Happy Monday! Today, I’m going to take tour on a tour of one of Copenhagen’s palaces. After our delicious lunch at The Dubliner, we stopped to watch a Finnish street performer entertain us. The juggler did an excellent job.
We walked back through the main square to the Christiansborg Palace, located on the island of Slotsholmen. This is a postcard picture of the palace. Our Copenhagen Card granted us free access to any and all tours we chose to take.
While the Queen doesn’t live here, many of the rooms are used for a number of different functions by the Royal Family. The Royal Reception Rooms include The Tower Room and The Oval Throne Room where Her Majesty receives foreign ambassadors to Denmark. It is from this palace’s balcony off the Throne Room that the new Danish monarchs are named following the death of the old one. Among the palaces other uses, the palace is home to the Danish Parliament Folketinget, the Danish Supreme Court, and the Ministry of State.
The Christiansborg Palace is HUGE. A visit may involve a number of different tours. One of these takes you under the palace to view the ruins of previous palaces built in this place that succumbed to fire. While it’s interesting, it isn’t the place to be if you are claustrophobic. Here is a description taken from the official Visit Copenhagen Website.
“The biggest and oldest ruins under Christiansborg Palace is the remainings of the wall from Bishop Absalon’s Castle from the 11th century. The wall protected the Castle from pirates.
Blue Tower – Leonora Christine’s prison
Another big ruin under the castle is the foundation of the infamous Blue Tower; the biggest tower in Copenhagen’s castle. Here, political prisoners and other criminals were held captive. The most famous prisoner was Christian IV’s favourite daughter, Leonora Christine. She was held captive for almost 22 years.
Rebuilt several times
After 1369, Copenhagen Castle was rebuilt on top of the remains of Absalon’s Castle. The space was tight in the new castle and the kings broke down the building and built new ones.
Christian IV wished to lay his mark on Copenhagen’s Castle. He added another floor to the Blue Tower with a flaunting copper spire.
At the end, the foundation could not bear the enormous and heavy castle and it was clear that it was in danger of collapsing at any time. Christian VI tore down the castle and built a whole new one – the first Christiansborg Castle, completed in 1745.
Revealed by accident
When casting the foundations for the new castle, workers struck upon the ruins of older buildings and the remnants of the initial wall. Experts were called in from the National Museum, and a close inspection revealed that the ruins dated back as far as 1167.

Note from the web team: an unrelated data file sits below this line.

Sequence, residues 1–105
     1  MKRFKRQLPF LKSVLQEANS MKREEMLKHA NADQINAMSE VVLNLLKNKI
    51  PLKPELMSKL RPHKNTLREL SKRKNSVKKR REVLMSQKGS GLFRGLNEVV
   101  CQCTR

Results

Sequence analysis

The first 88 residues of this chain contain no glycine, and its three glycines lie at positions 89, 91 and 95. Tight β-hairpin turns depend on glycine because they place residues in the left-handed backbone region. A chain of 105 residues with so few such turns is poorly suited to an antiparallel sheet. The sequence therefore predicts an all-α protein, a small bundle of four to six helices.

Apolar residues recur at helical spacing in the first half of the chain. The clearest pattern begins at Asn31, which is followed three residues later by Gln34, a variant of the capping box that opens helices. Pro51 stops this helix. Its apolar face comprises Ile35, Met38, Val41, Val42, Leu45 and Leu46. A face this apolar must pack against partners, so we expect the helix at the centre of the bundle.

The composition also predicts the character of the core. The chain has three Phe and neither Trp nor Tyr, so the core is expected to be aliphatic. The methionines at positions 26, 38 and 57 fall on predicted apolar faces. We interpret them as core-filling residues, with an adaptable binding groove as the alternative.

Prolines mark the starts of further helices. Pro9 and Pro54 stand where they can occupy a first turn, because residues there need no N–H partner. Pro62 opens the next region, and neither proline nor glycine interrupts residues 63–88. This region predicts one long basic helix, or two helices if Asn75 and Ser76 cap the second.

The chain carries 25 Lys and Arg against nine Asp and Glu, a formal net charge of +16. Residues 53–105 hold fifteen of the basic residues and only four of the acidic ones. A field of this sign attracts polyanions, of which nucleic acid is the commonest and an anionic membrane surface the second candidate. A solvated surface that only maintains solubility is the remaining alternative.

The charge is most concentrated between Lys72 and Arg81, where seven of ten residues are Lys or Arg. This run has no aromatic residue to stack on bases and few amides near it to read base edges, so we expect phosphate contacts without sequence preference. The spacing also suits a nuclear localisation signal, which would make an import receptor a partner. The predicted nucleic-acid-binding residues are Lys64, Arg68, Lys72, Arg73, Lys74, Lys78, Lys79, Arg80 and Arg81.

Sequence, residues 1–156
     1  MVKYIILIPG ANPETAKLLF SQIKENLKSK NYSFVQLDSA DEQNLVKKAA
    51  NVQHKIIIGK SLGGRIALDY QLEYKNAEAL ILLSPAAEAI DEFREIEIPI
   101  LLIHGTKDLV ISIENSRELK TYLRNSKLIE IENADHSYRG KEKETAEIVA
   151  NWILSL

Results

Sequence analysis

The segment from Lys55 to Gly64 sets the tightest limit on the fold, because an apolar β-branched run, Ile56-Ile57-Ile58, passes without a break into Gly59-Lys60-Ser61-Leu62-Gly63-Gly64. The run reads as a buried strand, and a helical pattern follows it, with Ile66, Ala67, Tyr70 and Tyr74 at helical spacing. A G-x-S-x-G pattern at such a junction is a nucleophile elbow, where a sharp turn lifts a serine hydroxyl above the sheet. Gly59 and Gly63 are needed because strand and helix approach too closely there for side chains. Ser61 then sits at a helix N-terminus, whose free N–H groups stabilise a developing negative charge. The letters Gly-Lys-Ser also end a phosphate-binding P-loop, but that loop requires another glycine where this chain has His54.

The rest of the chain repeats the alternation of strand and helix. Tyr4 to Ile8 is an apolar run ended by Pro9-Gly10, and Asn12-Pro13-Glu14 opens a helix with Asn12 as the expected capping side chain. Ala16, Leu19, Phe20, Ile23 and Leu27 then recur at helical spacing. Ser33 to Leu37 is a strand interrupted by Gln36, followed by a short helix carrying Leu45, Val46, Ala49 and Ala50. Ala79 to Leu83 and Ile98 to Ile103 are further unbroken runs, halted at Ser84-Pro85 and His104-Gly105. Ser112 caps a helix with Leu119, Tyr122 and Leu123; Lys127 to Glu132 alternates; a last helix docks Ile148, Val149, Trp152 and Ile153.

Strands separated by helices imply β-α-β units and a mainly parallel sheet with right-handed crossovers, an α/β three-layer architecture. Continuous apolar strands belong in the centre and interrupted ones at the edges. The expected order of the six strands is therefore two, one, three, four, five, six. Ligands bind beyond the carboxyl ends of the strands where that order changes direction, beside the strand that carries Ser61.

What they had come upon was Bishop Absalon’s Castle, once situated on a tiny island off the Merchants’ Harbour. Walking around this underground site, you will get an idea of how the castle was continually renewed and developed.”
After each terrible fire, the palace was rebuilt. According to the tour information, the common people ran into the burning building to save items from destruction, including tapestries and the royal throne.How’s that for dedication?
Another area you can choose to visit is the Royal Stable. Horses have been a part of the palace ever since it’s inauguration in 1740. Surprisingly, the show grounds and stable wings escaped damage in the fires. At one point, there were 250 horses in the stable. Today there are 20of the beautiful white horses. These are used primarily to pull the magnificent Gold Carriage the Queen uses to go from her home in the Amalienborg palace to the official functions at the Christiansborg Castle. If you go into the Harness Museum, you’ll see the Gold carriage “from 1840 with 24karats gold leaf.” The are other carriages there –some dating back to 1778. There’s even a real horse–stuffed!
We concentrated our visit on the main palace. You begin your tour by putting OR style booties over your shoes so as not to mark or dirty the incredible wooden floors. Below is John, Mike, and Penny entering the main reception room that starts the self-guided tour.
Denmark’s current Royal Family consists of in the center, Queen Margrethe II, Royal Consort Prince Henrik, on the Queen’s right, Crown Prince Frederick and his wife Crown Princess Mary, and on the Queen’s left, Prince Joachim and Princess Marie, his wife.
From the reception room we moved through various rooms open to the public. Most were stripped of furniture, but the wall-sized portraits and murals, not to mention the chandeliers and fancy construction work was incredible.
The formal dining room was one of the most imposing and impressive I’ve ever seen. The table gleamed. I’m not kidding–not a spec of dust to be seen. The Alexandra Hall is used for official dinners.
Another impressive room was the Great Hall with it’s incredible Queen’s tapestries depicting 1000 years of Danish history. These were presented to the Queen to mark her 50th birthday in 1990. There are 11 of them in all. Bjørn Nørgaard painted the full-size sketches from which the tapestries were woven. The tapestry series depicts 1000 years of Danish history.
The Prime Minister of Denmark also uses The Royal Reception Rooms in connection with state visits by foreign state leaders. Occasionally, tables are brought in for special functions.
With that we ended our tour of the palace, exiting through the gift shop, of course. By now it was late afternoon and we headed to Tivoli Gardens to meet with others from our group.
Next time, I’ll take you there. See you in a couple of weeks. I’m going camping!